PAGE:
5.Originally the musical project was from Hungary but now relocated to the United Kingdom, can you tell us a little bit more about the move?

I feel that now, until I don't have a fixed life form, I don't have a husband neither kids and don't have responsibility which affects the others I have opportunity to follow my heart and goals. The fact that I moved out doesn't affect anyone deeply. I am in the position that I can decide freely about a thing like this and I can move freely. As I see I there are more opportunities here to feed a band/project. I consider Aynsophar my child. I really feel that these songs are my unborn children. It might sound stupid but I just try to care for them. And I feel that the UK is a better place to rise them.

6.Currently the musical project is all solo, are you open to working with other musicians or do you prefer to work by yourself?

I always preferred to work on my own on any ways of life. I would be more than happy to form a band so we could have live performances too. In fact at this time I wanted to know what I can create and achive on my own. Basically I wanted to record everything but unfortunately I can't sing neither growl so I needed help. I reall want Aynsophar to be a live production too but I want to keep it in my own hands as it's my child.

7.The ep was released on 'Neverheard Distro', are you happy with the support that they have given you so far?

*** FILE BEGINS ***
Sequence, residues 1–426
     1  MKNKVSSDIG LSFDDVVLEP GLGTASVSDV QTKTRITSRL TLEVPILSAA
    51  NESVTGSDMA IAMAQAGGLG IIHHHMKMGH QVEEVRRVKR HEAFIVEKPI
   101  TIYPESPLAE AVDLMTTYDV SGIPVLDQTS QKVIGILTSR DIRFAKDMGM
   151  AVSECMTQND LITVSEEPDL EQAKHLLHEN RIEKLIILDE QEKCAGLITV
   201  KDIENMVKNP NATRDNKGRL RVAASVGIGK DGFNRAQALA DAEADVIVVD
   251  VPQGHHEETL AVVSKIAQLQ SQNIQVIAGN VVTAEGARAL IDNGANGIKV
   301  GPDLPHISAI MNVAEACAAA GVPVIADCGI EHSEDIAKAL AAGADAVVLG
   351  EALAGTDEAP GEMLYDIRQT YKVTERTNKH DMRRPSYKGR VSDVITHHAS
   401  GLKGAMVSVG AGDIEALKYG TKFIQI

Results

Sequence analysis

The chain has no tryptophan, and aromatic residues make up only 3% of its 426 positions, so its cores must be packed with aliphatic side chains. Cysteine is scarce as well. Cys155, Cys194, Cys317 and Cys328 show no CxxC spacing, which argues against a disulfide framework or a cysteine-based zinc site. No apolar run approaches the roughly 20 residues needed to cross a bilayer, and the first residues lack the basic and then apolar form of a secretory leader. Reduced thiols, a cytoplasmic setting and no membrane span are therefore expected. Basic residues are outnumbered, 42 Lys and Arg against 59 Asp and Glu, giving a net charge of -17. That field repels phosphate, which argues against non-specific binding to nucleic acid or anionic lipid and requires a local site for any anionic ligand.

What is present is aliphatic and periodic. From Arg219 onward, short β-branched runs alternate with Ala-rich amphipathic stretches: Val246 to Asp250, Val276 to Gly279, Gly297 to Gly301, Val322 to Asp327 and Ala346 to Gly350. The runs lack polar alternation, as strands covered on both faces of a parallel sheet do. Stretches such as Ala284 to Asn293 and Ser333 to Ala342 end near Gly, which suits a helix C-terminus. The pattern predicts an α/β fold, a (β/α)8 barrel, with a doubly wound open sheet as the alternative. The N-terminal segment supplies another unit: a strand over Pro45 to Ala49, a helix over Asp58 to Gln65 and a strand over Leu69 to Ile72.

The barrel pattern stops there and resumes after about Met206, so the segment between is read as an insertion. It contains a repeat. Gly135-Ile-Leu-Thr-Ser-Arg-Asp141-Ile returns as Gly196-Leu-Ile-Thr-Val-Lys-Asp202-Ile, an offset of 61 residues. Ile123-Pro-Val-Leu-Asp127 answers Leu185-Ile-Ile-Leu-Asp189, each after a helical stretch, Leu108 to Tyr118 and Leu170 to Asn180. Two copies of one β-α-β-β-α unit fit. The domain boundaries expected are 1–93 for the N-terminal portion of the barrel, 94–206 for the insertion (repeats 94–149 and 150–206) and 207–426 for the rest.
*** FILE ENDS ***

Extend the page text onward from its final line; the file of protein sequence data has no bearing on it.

In fact only the cassette tapes were released by the Distro but Balázs helped me with the distribution of the CD's too however they are self-released. I am happy with his support. He's really the person who does what he's doing because he loves it and it's a passion for him. I think music is one of the things which is only worthy to do if you feel the passion. It was a huge surprise for me when I got the offer to release my EP and I can't be thankful enough.

8.On a worldwide level how has the feedback been to your music by fans of death metal?

Fortunately I got only positive feedbacks so far. I'm not the best at promotion but I try to spread my music as much as I just can. I am always looking for opportunities and try to get more people into my „metal army”. I sent the EP to a couple of persons who are important for me, I hope they will get it soon and will love it too. Nothing warms a musician's heart more than his/her music being liked by the people she/he looks up to.

9.Where do you see yourself heading into as a musician in the future?

It's a very hard question. Of course I would like to have gigs, writing more albums. I can absolutely clearly see myself writing more stuff.I could rather answer on what Í would like to achive. Such a beautiful vision to be a respected and known musician of course. I think I would like to be an inspiration. I'm more than sure that everyone knows the feeling when you are in some kind of mood, good or bad and you just reach out to your favourite music for help. It's kind of like a shelter, a cure. Being someone who is respected by the others and being someone who gives energy hope and perseverance to the others by her activities behaviour and personality. Someone who has the light when it's dark and shows the way when there's nothing left. I feel music is my tool. Arts are wonderful and music is a thing I really enjoy, why couldn't I use it for good? I would like to see myself as this type of musician in the future.



10.What are some of the bands or musical styles that have had an influence on your music and also what are you listening to nowadays?